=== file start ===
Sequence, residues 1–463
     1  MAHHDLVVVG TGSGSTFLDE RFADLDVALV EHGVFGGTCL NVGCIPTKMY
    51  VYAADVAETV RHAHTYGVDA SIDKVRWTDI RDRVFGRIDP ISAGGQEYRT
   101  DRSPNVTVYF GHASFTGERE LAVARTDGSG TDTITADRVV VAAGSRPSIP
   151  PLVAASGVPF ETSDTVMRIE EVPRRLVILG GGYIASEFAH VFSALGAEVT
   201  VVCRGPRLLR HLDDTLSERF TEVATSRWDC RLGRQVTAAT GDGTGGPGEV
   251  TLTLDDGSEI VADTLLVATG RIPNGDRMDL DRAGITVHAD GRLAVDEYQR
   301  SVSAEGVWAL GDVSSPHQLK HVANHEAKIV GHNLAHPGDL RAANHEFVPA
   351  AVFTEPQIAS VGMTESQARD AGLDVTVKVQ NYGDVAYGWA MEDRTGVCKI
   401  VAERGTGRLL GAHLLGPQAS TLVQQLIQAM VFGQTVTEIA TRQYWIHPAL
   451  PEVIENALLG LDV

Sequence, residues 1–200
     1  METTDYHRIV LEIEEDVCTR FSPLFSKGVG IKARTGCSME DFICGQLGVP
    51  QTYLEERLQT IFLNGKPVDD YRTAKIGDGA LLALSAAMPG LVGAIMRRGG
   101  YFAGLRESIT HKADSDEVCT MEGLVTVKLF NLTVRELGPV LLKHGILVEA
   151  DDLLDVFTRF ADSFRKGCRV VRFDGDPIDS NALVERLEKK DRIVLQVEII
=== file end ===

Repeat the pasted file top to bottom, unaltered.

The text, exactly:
Sequence, residues 1–463
     1  MAHHDLVVVG TGSGSTFLDE RFADLDVALV EHGVFGGTCL NVGCIPTKMY
    51  VYAADVAETV RHAHTYGVDA SIDKVRWTDI RDRVFGRIDP ISAGGQEYRT
   101  DRSPNVTVYF GHASFTGERE LAVARTDGSG TDTITADRVV VAAGSRPSIP
   151  PLVAASGVPF ETSDTVMRIE EVPRRLVILG GGYIASEFAH VFSALGAEVT
   201  VVCRGPRLLR HLDDTLSERF TEVATSRWDC RLGRQVTAAT GDGTGGPGEV
   251  TLTLDDGSEI VADTLLVATG RIPNGDRMDL DRAGITVHAD GRLAVDEYQR
   301  SVSAEGVWAL GDVSSPHQLK HVANHEAKIV GHNLAHPGDL RAANHEFVPA
   351  AVFTEPQIAS VGMTESQARD AGLDVTVKVQ NYGDVAYGWA MEDRTGVCKI
   401  VAERGTGRLL GAHLLGPQAS TLVQQLIQAM VFGQTVTEIA TRQYWIHPAL
   451  PEVIENALLG LDV

Sequence, residues 1–200
     1  METTDYHRIV LEIEEDVCTR FSPLFSKGVG IKARTGCSME DFICGQLGVP
    51  QTYLEERLQT IFLNGKPVDD YRTAKIGDGA LLALSAAMPG LVGAIMRRGG
   101  YFAGLRESIT HKADSDEVCT MEGLVTVKLF NLTVRELGPV LLKHGILVEA
   151  DDLLDVFTRF ADSFRKGCRV VRFDGDPIDS NALVERLEKK DRIVLQVEII